With a body of vigorous singles studies scholarship at her fingertips, Traister might have taken her analysis a few steps further and asked the critical question: what about situational and structural considerations?
What is missing from the dominant narrative are all the ways in which marriage is a privileged status. Traister acknowledges that “economically privileged adults—who can afford better health care, better food, and healthier environments in which to live—are those most likely to marry” (144). Marriage, though, adds a vast array of unearned privileges to the ones people bring to it. Traister knows about the hundreds of federal laws that benefit and protect only those who are legally married; she mentions them elsewhere. But if the spouse of a married woman can take time off from work to care for her under the Family and Medical Leave Act while a close friend or relative can’t take time off to care for a single woman, isn’t that relevant to any differences in their health? If tax advantages and other financial perks line the pockets of married people but not single ones, isn’t that a significant consideration, too?
Married people also enjoy social, cultural, and political privileges. In ways large and small, their lives are valued and cherished and celebrated. In the medical system, they are cared for more attentively and their illnesses are treated more aggressively. If a singles perspective were as much a part of our awareness as a feminist perspective already is, Traister probably would not have moved on from her section on illness without acknowledging the panoply of unearned privileges accorded specifically to people who are married and their relevance to any possible differences in health and healing between single women and married women.
Even more fundamentally, if Traister had approached the issue of illness from a singles perspective, she might have questioned the very premise of her explanation for the supposedly better health of married people, that married people have a teammate and single people do not. Maybe she would have noted here what she seems to acknowledge elsewhere in the book, that single people have more friends than married people do and are more connected to friends, family, and neighbors than married people are.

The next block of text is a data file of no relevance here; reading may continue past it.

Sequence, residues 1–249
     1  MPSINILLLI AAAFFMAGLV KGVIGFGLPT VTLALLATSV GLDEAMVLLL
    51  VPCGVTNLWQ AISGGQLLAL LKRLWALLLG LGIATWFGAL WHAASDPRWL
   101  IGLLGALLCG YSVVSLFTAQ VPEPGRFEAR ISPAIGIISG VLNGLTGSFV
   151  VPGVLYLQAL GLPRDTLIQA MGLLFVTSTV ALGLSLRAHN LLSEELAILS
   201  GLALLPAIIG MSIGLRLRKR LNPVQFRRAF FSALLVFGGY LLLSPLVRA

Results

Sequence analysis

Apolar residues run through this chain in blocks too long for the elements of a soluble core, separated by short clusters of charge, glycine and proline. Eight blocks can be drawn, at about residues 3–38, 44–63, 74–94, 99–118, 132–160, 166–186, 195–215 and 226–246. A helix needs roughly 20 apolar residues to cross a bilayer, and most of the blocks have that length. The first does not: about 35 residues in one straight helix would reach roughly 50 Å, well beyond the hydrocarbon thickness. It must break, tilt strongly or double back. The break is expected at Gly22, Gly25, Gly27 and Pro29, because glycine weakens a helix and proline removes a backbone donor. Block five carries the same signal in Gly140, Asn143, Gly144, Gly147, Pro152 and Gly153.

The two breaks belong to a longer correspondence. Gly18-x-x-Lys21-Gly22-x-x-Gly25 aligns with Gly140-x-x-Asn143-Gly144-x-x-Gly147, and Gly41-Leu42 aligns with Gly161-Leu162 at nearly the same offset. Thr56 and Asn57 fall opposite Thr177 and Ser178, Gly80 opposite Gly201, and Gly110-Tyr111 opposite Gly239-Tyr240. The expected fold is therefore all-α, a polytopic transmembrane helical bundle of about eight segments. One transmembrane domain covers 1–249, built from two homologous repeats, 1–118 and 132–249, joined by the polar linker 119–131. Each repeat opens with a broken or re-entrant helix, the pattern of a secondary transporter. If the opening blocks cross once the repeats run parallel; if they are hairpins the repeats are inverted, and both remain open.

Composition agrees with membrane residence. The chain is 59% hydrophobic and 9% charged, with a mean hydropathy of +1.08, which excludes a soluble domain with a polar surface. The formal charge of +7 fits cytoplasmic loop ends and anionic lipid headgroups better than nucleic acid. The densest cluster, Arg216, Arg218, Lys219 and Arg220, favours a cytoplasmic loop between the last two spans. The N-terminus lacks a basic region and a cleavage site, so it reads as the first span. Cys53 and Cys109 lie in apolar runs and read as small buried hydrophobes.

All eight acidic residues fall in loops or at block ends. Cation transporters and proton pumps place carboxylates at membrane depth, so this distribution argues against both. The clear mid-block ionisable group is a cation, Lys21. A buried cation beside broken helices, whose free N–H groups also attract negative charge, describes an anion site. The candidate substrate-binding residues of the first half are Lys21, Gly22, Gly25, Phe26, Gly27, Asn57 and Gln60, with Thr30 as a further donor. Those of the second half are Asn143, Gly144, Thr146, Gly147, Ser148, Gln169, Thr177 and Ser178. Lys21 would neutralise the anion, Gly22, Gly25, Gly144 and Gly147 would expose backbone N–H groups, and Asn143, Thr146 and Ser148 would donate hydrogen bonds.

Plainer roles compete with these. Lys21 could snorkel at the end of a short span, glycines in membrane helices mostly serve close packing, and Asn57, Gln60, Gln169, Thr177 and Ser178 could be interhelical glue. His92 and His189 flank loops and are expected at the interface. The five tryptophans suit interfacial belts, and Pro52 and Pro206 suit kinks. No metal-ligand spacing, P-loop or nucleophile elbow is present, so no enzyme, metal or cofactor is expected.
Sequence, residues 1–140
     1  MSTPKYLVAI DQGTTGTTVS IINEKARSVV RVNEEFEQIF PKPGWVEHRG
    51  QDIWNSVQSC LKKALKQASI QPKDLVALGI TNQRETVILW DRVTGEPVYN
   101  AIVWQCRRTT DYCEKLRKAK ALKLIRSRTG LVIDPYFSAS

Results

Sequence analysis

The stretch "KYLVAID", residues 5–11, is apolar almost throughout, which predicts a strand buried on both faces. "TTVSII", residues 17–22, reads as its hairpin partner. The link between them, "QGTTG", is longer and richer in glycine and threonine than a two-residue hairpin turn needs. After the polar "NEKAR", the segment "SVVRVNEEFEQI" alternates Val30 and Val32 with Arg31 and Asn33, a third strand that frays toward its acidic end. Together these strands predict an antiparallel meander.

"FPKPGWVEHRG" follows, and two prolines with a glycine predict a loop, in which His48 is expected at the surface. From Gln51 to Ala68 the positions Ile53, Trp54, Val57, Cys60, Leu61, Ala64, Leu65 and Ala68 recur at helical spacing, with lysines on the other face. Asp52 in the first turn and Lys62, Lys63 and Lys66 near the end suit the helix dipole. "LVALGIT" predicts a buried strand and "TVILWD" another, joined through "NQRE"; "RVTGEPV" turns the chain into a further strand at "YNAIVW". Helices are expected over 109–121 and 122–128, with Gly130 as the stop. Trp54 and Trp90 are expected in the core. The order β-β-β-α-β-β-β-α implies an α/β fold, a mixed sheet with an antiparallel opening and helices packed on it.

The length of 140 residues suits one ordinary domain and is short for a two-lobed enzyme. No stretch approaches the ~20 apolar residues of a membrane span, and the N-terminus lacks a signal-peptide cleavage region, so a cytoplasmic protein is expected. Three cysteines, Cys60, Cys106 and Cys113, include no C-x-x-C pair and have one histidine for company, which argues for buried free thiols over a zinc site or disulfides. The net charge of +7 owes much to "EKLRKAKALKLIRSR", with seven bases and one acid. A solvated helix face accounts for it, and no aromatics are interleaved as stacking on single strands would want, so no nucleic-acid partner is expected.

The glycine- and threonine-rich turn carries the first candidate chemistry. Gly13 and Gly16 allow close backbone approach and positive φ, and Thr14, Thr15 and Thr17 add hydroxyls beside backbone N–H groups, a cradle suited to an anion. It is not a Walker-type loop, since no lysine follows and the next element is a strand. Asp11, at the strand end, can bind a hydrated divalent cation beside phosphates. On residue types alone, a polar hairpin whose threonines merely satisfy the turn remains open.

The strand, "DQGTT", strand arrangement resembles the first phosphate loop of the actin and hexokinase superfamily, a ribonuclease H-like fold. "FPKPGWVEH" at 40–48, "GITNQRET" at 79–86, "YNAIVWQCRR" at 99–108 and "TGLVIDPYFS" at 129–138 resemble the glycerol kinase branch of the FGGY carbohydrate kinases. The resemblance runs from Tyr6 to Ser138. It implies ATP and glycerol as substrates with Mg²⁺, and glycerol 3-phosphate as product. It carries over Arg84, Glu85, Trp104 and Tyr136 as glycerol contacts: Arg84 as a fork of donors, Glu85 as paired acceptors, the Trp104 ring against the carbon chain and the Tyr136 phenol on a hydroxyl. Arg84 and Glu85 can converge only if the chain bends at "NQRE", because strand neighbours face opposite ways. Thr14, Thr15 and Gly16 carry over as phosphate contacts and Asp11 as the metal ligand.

But maybe I’m wrong about that. In several passages in the chapter on women on their own, Traister seems to undervalue friends in ways that would be inconsistent with a strong singles perspective. For example, in the section on illness, she makes the crucial point that “neither marriage nor children guarantee a [positive] outcome” (145). But rather than stopping after that discussion, she undermines it with a quote from Frances, one of the women she interviewed: “‘We’re all alone, no matter,’ Frances agreed, but, noting that I am married and she is not, ‘You’re alone in a different way from my aloneness. I have lots of friends and very deep friendships. But essentially, I’m alone’” (146). The moral seems to be that having lots of friends, even very deep friendships, just doesn’t cut it in comparison to having a spouse. Unlike married women such as the author, we single ladies are truly alone.
Another example comes from the section “Fear.” There, Traister tells the story of a single friend, Ann, who dislocated her shoulder during an exuberant night of dancing. She ends up at a “janky” (143) urgent care center, and the friend she is with has to leave because she has a wedding to drive to in the morning. (It is telling that Ann, the single person in need, gets abandoned in favor of the other friend who is getting married.) Ann cries and cries because she can’t get her dress off by herself. She used to think she was 100 percent happy as a single person and that with the help of her friends, there was nothing she couldn’t do. But now she’s learned her lesson.
Then Traister says exactly what she should: “No marriage or committed romantic partnership would have been a sure prophylactic against Ann’s despair that night” (143). She should have stopped after that. Or better still, she could have added a comparable anecdote about a married woman who thought she could be 100 percent happy as a married person but then had some quirky experience that left her in tears, wishing she were single.